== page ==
A member of the commission, Andrea Kidd Taylor, an occupational health consultant, said the Pentagon's handling of the issue had created "the feeling of cover-up, even if there isn't any cover-up."
In testimony before the commission, Joseph, the assistant secretary of defense for health affairs, rejected the criticism of the Pentagon's investigation, and suggested that the internal inquiry would continue despite the recommendation Thursday that it be handed over to an outside body.
"While we are always open to constructive criticism, let me respectfully suggest that this concern fails to recognize and appreciate the department's complete commitment to investigating the possible causes of Persian Gulf illnesses in the context of its support for all gulf war veterans," he said.
Still, Joseph said that the Pentagon was willing to consider new methods of investigating the issue "if together we can work out an alternative rule of thumb for which things we should look at."
The Defense Department's credibility on the issue has been shaken in recent weeks, especially after the disclosure in June that a group of American combat engineers may have been exposed to nerve gas and mustard gas when they blew up the Kamisiyah ammunition depot in southern Iraq in March 1991.
Pentagon officials initially said they had no conclusive evidence that any U.S. soldiers had been exposed to chemical weapons at the depot but that 300 to 400 troops had been in the vicinity at the time of the explosion.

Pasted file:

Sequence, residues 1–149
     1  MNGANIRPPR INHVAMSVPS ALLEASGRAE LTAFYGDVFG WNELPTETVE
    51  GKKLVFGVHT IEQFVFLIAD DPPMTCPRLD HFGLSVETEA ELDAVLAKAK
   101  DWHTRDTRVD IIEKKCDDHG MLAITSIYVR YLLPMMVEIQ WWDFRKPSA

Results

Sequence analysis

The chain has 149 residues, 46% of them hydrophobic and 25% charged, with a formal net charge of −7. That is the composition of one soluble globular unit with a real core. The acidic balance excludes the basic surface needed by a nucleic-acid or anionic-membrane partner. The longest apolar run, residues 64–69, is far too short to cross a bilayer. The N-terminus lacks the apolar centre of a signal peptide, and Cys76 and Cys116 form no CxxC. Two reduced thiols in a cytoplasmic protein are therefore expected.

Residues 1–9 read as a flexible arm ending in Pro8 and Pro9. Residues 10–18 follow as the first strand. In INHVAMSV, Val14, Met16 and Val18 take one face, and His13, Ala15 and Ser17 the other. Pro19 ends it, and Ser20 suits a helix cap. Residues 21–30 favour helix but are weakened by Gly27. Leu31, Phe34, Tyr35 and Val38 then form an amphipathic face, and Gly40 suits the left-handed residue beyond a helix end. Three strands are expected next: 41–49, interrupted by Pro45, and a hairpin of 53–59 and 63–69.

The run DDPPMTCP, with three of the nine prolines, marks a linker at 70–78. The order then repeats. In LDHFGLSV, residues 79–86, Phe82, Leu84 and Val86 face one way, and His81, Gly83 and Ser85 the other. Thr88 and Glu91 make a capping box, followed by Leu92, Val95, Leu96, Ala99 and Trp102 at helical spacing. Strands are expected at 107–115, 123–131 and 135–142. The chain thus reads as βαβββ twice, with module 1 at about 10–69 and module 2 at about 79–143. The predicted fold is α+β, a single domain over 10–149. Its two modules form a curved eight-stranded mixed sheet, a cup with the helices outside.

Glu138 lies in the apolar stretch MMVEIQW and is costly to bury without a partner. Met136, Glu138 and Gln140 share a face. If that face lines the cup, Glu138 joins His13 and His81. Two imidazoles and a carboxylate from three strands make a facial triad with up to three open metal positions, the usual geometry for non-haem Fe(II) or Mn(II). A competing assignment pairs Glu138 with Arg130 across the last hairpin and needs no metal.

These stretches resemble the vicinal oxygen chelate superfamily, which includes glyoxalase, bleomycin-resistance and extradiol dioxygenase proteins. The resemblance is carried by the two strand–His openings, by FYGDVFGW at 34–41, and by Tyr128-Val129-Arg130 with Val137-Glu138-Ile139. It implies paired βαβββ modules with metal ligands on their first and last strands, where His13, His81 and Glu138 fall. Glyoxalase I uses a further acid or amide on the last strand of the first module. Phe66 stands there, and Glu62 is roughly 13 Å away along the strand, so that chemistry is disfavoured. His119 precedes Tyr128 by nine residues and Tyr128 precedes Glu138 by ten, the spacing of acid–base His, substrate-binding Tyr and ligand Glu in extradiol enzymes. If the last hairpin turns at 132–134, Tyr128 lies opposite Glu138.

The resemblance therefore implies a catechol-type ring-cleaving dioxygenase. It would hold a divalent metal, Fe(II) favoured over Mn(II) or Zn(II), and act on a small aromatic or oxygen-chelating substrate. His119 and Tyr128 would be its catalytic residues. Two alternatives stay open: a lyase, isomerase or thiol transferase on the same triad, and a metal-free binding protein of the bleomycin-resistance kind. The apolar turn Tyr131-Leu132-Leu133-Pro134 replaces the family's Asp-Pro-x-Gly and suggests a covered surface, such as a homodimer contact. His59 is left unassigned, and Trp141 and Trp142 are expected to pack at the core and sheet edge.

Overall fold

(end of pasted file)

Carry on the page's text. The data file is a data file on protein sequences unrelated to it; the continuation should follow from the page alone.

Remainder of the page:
But based on evidence compiled by the CIA, investigators working for the presidential advisory committee said Thursday that the number of troops who might have been exposed to nerve gas was actually about 1,100. And they reported that the evidence of the release of chemical agents at Kamisiyah was "overwhelming" and that "exposure to troops within 25 kilometers of the demolition activity should be presumed."
Despite the Pentagon's repeated assertion that it had no evidence that U.S. soldiers were exposed to Iraqi chemical weapons, a long-classified intelligence report made public last week showed that senior officials at the White House, the Pentagon, the CIA and the State Department were informed in November 1991, eight months after the demolition, that chemical weapons had been stored at Kamisiyah.
Joseph said Thursday that it was not surprising that the reports were overlooked in 1991 since at that time, "no one was thinking about a large number of our armed forces coming back and complaining of symptoms and illnesses following their service in the gulf war."
Turner, the panel's chief investigator, was also critical of the Pentagon's "slow, reluctant, on-again, off-again release of information to the public." He said that it had "served to also undermine credible confidence in the Department of Defense's efforts."
James J. Tuite III, a former congressional investigator who is the founder of the Gulf War Research Foundation and has emerged as a chief critic of the Pentagon on the issue, welcomed Thursday's findings.
He described the Defense Department's investigation of gulf war illnesses as "dishonest and irresponsible" and said that it had been influenced by a "vested interest in the outcome of the investigation."
Copyright 1996 The New York Times Company